I’m using FreeVerb Hibiki and Oril River.
I definitely read all of Mattias’s areticles. They are a great resource.
In my experimenting I did try turning predelay way up to hear the effect. It definitely is working. For predelay and for some other parameter settings, when they are small like 20ms, I’m not sure I’m hearing what the effect should be creating.


RE: Do my ears deceive me? - Michael Willis - 11-09-2017

(11-09-2017, 01:47 PM)jmcmillan Wrote: When I apply early reflections, how should the sound change? It seems very subtle and I don’t think my ears are trained to hear what it should sound like after ER’s are applied.

What is the main purpose of ER’s? Is it to make the samples sound like they are recorded in the same room, or is it to do most of the front back placement?

A little bit of both, but the late reverb is also both. I would suggest that you first decide what room characteristics you want, set up all of your reverb rows with identical parameters to fit the room, and then adjust the ER and LR parameters to give each row its own front/back stage presence.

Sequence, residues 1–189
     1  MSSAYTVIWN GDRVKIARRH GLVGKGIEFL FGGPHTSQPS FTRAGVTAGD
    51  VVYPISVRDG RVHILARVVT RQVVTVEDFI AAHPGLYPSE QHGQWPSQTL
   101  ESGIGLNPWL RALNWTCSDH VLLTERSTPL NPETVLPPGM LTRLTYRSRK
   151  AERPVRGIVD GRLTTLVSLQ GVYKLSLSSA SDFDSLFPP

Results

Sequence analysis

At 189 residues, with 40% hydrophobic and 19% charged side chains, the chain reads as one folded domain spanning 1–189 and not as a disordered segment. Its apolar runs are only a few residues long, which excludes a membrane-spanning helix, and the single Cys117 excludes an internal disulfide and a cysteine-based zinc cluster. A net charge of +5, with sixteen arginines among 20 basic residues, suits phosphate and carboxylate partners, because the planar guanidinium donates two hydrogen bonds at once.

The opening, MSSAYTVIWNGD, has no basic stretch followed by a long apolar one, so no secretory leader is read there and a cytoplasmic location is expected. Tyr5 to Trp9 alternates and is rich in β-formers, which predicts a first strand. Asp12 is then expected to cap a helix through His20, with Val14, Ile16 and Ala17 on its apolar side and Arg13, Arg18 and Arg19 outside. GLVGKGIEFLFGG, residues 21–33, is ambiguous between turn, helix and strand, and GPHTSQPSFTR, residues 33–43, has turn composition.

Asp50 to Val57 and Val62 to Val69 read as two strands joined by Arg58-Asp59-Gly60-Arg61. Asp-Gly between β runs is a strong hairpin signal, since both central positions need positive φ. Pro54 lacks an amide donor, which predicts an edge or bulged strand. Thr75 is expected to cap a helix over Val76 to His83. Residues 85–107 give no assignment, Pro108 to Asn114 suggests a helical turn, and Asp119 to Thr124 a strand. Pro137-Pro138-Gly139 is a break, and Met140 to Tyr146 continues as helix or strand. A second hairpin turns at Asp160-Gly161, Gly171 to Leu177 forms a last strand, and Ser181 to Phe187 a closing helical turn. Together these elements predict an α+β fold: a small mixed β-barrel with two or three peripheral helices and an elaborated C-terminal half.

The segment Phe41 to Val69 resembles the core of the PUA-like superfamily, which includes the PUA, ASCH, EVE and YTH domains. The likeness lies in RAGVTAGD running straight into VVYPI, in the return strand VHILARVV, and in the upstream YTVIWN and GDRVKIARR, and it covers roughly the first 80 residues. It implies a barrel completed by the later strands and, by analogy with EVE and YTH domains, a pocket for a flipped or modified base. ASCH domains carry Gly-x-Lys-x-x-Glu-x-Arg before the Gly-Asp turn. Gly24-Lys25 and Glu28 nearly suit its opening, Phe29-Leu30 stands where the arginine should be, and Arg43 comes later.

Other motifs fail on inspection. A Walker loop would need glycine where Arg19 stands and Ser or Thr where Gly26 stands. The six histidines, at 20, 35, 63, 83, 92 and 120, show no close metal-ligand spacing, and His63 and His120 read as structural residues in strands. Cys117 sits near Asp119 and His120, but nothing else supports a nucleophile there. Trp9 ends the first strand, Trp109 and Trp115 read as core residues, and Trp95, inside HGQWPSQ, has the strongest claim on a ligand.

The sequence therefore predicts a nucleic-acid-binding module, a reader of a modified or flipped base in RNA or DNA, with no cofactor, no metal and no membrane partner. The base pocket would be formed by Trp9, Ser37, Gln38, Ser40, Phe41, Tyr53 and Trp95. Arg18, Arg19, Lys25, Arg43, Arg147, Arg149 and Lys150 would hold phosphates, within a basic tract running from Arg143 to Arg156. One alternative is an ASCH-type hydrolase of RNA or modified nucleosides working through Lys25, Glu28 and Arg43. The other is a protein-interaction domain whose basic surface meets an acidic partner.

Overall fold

(11-09-2017, 01:47 PM)jmcmillan Wrote: What are the important settings of ER? Room length/time or amount/dB level?

I think that the ER size/width/length/time parameters should be set based on the room characteristics, and then the amount/db should be set based on front/back placement. The front row should have the highest level of ER, the middle row should have less, and the back row should have no ER.

(11-09-2017, 01:47 PM)jmcmillan Wrote: Predelay...I change the time from 0 to 20 to 40ms, but I’m not sure I’m hearing much difference. What should this parameter change sound like?

Should predelay be applied to ER’s or LR’s or both?

Predelay should only be applied to late reverb. If you're using Hibiki, you don't have to think about this, it's designed to only apply the delay to the late reverb.

Give the front row a fairly long predelay like 30 or 40 ms, middle row a shorter one like 10 or 20 ms, and back row zero.

The combination of LR predelay and ER amount should make it sound like the source is closer or farther away.